If there is any indication that this pink fishery will end soon all you have to do is take a look at what is happening in the Strait of Juan de Fuca where pink and coho fishing action is still pretty good.

“The weather had been marginal for wind and fog days, but in between that pink fishing is looking pretty good at Sekiu and Port Angeles,” said Larry Bennett, the head state Fish and Wildlife fish checker in the Strait.

On Sunday, there was 64 boats with 168 anglers at Van Riper’s Resort in Sekiu with 295 pinks and 70 coho.

“I don’t think it has hit the peak yet on coho, and it looks like it will build into a good coho run,” Bennett said. “I’m seeing some pretty decent coho numbers, not extraordinarily high. Hoefully it’ll keep going and we still have a lot of baitfish in Sekiu and Port Angeles.”

It has been a wonderful summer off the South Coast for salmon anglers, and fishing has been so good in the ocean off Ilwaco that it will close after Monday, Aug. 31.

“Once it closes we will assess where we are and may look at reopening down the line, but that won’t take place for a little while,” said Wendy Beeghly, a state Fish and Wildlife biologist.

Last week, Westport transferred 8,300 fish from their quota over to the Ilwaco quota, but with the good fishing it didn’t last very long.

“We had a pretty slow week effort wise because of bad weather, and fishing in the ocean off the Columbia River had dropped off a little to 1.3 fish per person [this past week],” Beeghly said.

With that said you don’t need to worry because just outside the Port of Ilwaco sits the Buoy 10 fishery, and that will remain good heading into next month.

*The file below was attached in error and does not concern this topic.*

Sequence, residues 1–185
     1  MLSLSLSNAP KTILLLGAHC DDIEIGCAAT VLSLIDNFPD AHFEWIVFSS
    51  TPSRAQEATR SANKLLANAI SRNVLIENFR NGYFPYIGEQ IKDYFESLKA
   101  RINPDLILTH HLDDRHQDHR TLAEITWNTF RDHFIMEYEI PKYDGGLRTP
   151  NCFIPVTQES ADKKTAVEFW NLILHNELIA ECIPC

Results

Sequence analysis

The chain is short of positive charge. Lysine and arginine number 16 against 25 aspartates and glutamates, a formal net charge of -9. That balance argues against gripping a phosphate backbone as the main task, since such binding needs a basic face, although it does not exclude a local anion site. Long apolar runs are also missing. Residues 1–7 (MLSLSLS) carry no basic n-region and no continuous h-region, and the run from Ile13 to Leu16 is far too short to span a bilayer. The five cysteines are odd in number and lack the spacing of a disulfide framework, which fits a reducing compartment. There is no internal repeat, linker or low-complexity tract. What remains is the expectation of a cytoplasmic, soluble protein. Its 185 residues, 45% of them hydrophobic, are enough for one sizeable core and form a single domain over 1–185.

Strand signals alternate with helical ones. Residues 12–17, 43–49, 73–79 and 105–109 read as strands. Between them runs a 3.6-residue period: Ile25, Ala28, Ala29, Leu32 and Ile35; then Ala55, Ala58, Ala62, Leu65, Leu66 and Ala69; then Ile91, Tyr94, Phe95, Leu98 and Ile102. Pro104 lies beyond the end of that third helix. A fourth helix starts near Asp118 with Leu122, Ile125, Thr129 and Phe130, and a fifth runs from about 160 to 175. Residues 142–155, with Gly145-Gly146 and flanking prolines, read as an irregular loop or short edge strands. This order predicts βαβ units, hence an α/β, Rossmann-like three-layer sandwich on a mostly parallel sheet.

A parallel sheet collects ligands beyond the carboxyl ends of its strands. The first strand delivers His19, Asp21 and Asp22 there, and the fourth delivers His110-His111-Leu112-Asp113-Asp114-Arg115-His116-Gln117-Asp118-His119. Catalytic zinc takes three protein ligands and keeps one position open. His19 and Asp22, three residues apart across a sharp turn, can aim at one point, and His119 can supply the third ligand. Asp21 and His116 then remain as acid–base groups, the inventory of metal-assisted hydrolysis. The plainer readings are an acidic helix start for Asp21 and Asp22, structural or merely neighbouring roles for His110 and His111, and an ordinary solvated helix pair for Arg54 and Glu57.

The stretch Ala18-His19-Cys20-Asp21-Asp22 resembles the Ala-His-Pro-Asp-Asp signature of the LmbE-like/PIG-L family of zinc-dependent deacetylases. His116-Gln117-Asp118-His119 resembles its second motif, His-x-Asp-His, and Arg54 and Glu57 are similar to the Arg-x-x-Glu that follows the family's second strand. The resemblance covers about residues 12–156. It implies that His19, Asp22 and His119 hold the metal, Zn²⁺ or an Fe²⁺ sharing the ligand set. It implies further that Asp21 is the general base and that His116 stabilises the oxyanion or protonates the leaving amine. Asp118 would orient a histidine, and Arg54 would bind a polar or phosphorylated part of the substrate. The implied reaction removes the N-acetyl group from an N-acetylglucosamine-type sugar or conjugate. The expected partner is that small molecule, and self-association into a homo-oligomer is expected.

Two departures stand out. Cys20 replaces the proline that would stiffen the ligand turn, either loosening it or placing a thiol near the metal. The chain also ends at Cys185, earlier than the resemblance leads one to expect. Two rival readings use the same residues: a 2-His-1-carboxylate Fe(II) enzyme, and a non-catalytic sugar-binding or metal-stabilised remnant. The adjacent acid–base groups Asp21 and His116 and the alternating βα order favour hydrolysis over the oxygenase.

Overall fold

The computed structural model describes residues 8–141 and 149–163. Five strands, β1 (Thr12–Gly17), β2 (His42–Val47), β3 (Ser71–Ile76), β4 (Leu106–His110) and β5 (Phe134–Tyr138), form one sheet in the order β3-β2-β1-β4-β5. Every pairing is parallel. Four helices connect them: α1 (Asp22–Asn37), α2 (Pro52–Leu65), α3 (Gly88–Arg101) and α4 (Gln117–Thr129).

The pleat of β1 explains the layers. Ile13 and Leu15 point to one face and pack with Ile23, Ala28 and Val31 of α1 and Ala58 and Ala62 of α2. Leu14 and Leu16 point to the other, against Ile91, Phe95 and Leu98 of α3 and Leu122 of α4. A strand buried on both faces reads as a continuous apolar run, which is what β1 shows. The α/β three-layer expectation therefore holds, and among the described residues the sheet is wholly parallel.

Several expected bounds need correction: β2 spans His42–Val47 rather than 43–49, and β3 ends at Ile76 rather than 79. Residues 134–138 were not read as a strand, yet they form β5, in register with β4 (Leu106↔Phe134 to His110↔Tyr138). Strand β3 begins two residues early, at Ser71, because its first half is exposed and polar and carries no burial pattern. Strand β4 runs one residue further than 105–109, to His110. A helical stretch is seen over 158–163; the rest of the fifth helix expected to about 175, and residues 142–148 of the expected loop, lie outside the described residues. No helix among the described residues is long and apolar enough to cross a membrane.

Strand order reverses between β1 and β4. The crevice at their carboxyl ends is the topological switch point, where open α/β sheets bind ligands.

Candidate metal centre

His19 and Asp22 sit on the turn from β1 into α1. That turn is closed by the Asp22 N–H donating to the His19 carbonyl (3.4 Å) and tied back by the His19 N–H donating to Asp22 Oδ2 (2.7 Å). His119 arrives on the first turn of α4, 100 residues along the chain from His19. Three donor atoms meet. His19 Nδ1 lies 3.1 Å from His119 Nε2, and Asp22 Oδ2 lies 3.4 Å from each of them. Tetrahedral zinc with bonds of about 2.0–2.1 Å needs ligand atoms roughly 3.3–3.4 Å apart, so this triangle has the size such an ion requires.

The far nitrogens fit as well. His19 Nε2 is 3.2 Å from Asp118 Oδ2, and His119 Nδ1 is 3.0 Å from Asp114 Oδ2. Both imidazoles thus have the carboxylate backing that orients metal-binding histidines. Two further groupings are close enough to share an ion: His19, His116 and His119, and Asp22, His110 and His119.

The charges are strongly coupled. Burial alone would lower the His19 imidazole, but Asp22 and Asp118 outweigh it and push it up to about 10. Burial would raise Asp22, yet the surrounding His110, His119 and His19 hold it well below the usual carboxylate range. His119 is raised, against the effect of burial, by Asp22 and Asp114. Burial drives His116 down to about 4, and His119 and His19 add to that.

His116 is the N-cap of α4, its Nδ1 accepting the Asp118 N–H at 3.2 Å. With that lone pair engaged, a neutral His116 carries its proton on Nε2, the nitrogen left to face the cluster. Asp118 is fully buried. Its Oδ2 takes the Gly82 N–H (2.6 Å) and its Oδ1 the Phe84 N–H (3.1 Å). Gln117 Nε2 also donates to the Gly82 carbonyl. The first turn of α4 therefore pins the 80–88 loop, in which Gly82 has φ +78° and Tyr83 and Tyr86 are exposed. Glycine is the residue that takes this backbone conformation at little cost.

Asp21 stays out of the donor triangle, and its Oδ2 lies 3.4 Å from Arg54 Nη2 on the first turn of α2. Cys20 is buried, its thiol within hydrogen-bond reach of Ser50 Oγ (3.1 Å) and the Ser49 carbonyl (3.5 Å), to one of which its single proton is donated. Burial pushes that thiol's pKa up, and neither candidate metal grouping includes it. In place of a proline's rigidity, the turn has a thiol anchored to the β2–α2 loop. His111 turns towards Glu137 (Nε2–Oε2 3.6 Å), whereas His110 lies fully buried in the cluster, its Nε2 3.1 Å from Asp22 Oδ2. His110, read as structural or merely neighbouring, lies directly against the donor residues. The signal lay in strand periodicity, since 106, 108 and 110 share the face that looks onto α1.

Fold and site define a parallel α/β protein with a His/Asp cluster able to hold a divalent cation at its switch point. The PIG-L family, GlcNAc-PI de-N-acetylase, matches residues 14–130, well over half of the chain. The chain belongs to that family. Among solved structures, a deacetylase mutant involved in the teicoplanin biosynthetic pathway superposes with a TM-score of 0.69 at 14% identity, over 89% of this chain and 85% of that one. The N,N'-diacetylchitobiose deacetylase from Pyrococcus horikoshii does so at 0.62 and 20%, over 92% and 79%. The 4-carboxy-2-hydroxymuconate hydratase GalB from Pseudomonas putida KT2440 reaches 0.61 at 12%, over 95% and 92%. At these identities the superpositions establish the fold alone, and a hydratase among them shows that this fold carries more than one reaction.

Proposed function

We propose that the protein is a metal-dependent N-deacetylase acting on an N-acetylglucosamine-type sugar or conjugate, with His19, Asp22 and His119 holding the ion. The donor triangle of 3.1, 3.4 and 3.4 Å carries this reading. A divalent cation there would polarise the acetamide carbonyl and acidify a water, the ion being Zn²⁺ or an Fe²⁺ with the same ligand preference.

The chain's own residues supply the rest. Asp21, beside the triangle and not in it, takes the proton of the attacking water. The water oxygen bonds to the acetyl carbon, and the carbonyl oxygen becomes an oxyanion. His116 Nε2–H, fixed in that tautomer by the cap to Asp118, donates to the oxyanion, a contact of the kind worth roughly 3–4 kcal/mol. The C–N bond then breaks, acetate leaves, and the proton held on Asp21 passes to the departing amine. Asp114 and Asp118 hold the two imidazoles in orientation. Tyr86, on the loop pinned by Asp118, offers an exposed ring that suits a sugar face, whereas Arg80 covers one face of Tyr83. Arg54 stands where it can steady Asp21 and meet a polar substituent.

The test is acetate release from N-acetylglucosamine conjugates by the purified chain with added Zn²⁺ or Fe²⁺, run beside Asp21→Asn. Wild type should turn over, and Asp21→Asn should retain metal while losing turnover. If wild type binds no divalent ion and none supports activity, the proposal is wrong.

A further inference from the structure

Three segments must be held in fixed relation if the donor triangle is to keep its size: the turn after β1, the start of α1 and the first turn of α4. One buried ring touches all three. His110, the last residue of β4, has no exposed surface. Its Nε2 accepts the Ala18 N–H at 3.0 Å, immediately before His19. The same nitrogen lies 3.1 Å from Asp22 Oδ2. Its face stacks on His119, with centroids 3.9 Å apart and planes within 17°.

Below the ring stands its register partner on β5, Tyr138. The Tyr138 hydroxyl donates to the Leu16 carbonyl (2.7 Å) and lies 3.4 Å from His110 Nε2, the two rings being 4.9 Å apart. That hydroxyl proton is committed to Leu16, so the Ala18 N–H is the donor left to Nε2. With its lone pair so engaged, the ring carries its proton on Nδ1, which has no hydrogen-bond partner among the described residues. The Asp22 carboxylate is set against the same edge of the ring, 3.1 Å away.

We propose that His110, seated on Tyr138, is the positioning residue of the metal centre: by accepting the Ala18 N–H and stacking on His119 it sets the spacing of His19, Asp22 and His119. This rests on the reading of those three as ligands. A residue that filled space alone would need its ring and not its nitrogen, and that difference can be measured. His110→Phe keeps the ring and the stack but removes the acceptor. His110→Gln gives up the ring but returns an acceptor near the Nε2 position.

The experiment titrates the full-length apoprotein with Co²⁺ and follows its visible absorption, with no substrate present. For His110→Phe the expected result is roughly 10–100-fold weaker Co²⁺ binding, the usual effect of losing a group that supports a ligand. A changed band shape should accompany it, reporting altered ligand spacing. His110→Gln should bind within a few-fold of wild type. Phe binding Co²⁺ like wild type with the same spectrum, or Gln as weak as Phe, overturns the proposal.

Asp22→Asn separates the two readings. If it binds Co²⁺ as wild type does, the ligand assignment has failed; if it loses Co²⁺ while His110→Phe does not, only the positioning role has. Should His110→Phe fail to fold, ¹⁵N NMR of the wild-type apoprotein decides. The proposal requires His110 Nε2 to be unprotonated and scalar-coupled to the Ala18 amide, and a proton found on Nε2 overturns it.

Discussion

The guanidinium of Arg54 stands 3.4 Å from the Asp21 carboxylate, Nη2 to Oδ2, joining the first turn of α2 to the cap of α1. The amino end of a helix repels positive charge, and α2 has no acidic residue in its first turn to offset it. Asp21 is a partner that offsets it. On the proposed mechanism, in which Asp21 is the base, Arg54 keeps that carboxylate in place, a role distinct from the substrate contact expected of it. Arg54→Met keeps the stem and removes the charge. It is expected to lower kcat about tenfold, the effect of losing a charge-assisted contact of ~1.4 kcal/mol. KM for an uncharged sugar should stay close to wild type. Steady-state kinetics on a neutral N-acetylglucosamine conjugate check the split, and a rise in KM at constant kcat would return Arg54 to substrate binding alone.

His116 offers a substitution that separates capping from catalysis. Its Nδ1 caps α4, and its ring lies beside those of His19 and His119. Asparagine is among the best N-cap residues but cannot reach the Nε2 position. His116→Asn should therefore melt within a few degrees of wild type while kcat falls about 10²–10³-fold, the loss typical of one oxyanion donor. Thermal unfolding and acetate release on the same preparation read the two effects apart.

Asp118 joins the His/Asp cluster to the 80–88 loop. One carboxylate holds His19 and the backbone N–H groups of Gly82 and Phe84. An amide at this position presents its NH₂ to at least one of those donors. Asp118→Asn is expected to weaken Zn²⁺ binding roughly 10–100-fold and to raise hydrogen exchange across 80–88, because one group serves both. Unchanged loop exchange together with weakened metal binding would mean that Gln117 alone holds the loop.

“You best option is Buoy 10, which is pretty nice right now,” Beeghly said. “And the good thing is that the [daily] catch limit goes up to three coho, and I bet some people will get their three coho.”

The peak of the coho run at Buoy 10 is usually the second week of September, and then it drops off, according to Beeghly.

“But, this year there are so many darn fish, and we are still seeing so many coho at Westport and La Push that you can only think they’re Columbia River fish still moving down the coast,” Beeghly said. “I got a feeling we might be having a little longer season this year.”

Just up the coast at Westport they had another really good week, Beeghly said, where they averaged 1.8 fish per person, and it is a coho show now.

“There are some nice fish, and I heard of a 17 pound coho, and I didn’t see anything under 9 pounds,” Beeghly said.

La Push had a really good week with a 1.9 fish per rod, and all the catch was coho although angler effort did drop.

“At Neah Bay they didn’t do so well, and it was a half a fish per person average not counting pinks, and if you add them in it was about a fish per person,” Beeghly said.

Beeghly saw a bunch of tuna trips this week out of Westport, Ilwaco and some out of La Push. The catch was anywhere from three to six fish per person.

I talked with Joy Hymer, a state Fish and Wildlife biologist who was down at Westport on Aug. 25, and their boat got halfway out and then a strong southeast wind pushed them right back into port. He said those who kept on going ended up finding some decent fishing.

In the Columbia River itself there is still some fairly good king fishing happening from the mouth of the Cowlitz to Vancouver for a half a chinook per boat average. Coho have also shown up in the lower river tributaries like the Lewis, Kalama and most likely the Cowlitz too. Drano Lake and the White Salmon River are still decent for what is turning into a record steelhead return. Steelhead daily counts at Bonneville Dam remain good.